Think of the use

If your budget simply does not allow for an SSD as big as you need, we have another solution. You can buy an SSD for your operating system and essential programs while storing your data and less frequently used programs on your existing mechanical hard drive. You can solve the lack of available interfaces with the mentioned PCIe slot expansion card. For laptops, this is again done with a frame replacing the CD/DVD drive. Mechanical hard drives are also more suitable for long-term data storage. We're talking about years. Although SSDs are not "volatile" memory like RAM, for example, in which data is erased instantly when the power is disconnected. In an SSD, the information remains preserved. On the other hand, SSDs are ideal for laptops. This is because, unlike mechanical drives, they have no moving parts. What's more, thanks to SSDs, the laptop will boot up and wake up in a flash, while its battery life per charge should also be extended.


For a long time, people have rejected SSDs because of concerns about their durability. There is one important detail to know: they wear out and therefore have a limited lifetime. But the situation is nowhere near as bad as it was a few years ago. Today, it can be said that SSDs can easily last long enough to not pose any complications for the average user. You'll likely decide to replace the entire laptop yourself with a new one even sooner or swap out the drive in your desktop for a larger capacity model. Even the cheapest "pieces" are offered with a three-year warranty. However, you can easily come across mid-range models where the manufacturer guarantees functionality for 5 years. It is therefore not a bad idea to also consider the length of the warranty when comparing specific products.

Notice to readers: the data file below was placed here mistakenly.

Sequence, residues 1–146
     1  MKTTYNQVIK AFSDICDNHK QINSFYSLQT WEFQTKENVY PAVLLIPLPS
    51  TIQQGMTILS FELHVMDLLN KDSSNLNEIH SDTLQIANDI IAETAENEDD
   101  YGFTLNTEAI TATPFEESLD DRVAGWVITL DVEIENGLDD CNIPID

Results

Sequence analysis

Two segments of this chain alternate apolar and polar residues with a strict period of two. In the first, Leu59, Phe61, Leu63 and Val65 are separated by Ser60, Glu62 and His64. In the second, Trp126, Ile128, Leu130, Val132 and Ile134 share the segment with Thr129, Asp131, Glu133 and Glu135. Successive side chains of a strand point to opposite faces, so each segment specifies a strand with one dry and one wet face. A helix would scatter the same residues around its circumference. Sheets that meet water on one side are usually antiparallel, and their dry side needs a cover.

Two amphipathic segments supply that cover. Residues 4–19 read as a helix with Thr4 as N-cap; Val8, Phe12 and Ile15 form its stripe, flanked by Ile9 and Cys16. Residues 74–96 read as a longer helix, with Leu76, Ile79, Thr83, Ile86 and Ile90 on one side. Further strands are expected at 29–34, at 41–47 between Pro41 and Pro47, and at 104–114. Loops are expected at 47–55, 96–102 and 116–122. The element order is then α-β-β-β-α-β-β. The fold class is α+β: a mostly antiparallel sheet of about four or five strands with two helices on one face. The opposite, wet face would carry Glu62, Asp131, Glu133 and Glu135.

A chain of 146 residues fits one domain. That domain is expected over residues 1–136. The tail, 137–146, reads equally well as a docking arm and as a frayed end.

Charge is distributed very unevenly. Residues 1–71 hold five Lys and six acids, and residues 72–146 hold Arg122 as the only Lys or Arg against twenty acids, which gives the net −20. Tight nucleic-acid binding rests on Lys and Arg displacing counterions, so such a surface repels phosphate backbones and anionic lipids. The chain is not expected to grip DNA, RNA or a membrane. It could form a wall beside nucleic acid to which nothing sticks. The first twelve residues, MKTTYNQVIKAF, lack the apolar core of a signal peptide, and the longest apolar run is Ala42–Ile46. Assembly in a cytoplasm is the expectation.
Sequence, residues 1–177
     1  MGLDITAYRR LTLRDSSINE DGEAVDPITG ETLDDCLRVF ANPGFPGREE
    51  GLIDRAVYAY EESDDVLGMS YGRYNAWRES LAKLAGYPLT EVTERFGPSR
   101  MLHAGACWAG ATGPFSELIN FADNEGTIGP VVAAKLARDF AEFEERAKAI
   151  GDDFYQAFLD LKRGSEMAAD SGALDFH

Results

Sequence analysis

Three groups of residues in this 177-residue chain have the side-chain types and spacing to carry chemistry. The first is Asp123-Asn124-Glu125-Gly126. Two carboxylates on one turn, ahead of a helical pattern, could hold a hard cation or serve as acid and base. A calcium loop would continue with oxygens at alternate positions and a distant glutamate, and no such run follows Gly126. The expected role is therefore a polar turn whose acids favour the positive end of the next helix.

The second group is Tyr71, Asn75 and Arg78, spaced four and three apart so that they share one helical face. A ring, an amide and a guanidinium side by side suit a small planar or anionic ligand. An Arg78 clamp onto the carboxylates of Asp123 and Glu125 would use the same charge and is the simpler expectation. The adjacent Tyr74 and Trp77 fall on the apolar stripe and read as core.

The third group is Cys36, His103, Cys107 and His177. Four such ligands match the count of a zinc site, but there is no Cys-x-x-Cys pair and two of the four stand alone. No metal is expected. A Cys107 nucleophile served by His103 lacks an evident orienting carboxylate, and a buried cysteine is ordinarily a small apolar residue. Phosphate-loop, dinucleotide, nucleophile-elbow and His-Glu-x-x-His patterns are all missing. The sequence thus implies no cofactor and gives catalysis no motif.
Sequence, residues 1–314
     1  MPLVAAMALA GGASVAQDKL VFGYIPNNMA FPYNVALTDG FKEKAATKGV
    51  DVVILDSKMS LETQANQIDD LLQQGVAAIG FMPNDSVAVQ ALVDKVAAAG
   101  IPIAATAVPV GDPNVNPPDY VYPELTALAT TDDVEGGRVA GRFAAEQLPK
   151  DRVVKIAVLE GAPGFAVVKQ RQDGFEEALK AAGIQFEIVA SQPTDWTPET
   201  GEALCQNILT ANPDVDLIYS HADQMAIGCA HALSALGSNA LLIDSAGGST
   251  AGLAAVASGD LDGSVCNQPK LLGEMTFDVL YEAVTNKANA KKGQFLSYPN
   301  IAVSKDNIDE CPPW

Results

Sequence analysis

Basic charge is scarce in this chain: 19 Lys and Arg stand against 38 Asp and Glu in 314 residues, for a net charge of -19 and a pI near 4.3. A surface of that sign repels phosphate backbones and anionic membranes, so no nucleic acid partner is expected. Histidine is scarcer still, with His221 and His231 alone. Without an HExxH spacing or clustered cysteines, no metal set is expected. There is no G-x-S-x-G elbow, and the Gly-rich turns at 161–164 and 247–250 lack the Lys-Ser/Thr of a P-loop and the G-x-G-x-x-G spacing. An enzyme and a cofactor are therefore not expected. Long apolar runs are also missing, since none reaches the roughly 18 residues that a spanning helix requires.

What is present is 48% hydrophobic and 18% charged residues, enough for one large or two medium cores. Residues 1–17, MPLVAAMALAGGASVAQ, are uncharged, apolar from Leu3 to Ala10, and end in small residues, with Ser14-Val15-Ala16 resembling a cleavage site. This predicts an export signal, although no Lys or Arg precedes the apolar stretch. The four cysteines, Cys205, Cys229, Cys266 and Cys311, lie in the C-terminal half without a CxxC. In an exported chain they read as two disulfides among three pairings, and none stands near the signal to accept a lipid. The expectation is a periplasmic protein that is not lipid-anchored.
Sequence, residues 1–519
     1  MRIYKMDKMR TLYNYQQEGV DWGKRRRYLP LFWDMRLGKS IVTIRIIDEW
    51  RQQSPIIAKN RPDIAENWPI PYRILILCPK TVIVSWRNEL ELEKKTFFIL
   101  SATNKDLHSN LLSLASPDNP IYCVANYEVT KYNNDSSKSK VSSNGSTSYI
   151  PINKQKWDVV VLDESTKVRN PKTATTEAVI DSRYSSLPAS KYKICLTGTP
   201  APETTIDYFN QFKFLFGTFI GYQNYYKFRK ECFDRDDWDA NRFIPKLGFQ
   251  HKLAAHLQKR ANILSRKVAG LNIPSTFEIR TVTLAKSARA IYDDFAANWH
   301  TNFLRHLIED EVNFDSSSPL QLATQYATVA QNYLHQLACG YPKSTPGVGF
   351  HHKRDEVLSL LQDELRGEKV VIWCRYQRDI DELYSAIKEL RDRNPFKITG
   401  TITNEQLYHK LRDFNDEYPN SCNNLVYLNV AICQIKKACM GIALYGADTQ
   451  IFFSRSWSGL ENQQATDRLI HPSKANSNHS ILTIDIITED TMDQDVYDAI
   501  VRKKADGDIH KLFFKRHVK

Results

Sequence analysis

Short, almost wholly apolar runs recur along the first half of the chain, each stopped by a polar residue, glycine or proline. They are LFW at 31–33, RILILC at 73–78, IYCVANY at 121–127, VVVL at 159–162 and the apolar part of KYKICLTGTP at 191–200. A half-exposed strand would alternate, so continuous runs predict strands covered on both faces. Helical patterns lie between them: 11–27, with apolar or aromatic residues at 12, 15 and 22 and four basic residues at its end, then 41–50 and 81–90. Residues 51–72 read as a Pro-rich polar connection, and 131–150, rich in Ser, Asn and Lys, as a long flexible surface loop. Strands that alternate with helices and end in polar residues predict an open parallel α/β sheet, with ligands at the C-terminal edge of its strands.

How long will they last?

In addition to the warranty, a specific parameter will tell you more about the expected lifetime of the SSD. Manufacturers tend to specify a numerical figure in TBW units for their products. This is an abbreviation of the English "terabytes written". The TBW value is, among other things, directly dependent on the capacity of the SSD. Naturally, it is possible to write much more on drives with higher total capacity than on smaller SSDs. In short, a 512GB SSD will last longer at half full than if you were working on a nearly full 256GB SSD. The clever electronics inside the drive take care of that. For example, it intelligently writes data to the various memory chips so that wear and tear are as even as possible. The more memory chips an SSD has, the longer it lasts.


When exploring the SSD market, you will come across several three-letter abbreviations: SLC, MLC, TLC, and QLC. These are indications for memory cell types. They differ in how many bits "fit" into a single memory cell. For SLC it is one, MLC two, TLC three, and QLC four bits. If you are a regular user, you don't have to worry about the technology used. Modern SSDs are equipped with a lot of additional technologies. They are designed in such a way that the negatives of each technology are offset as much as possible.

Source: živé.sk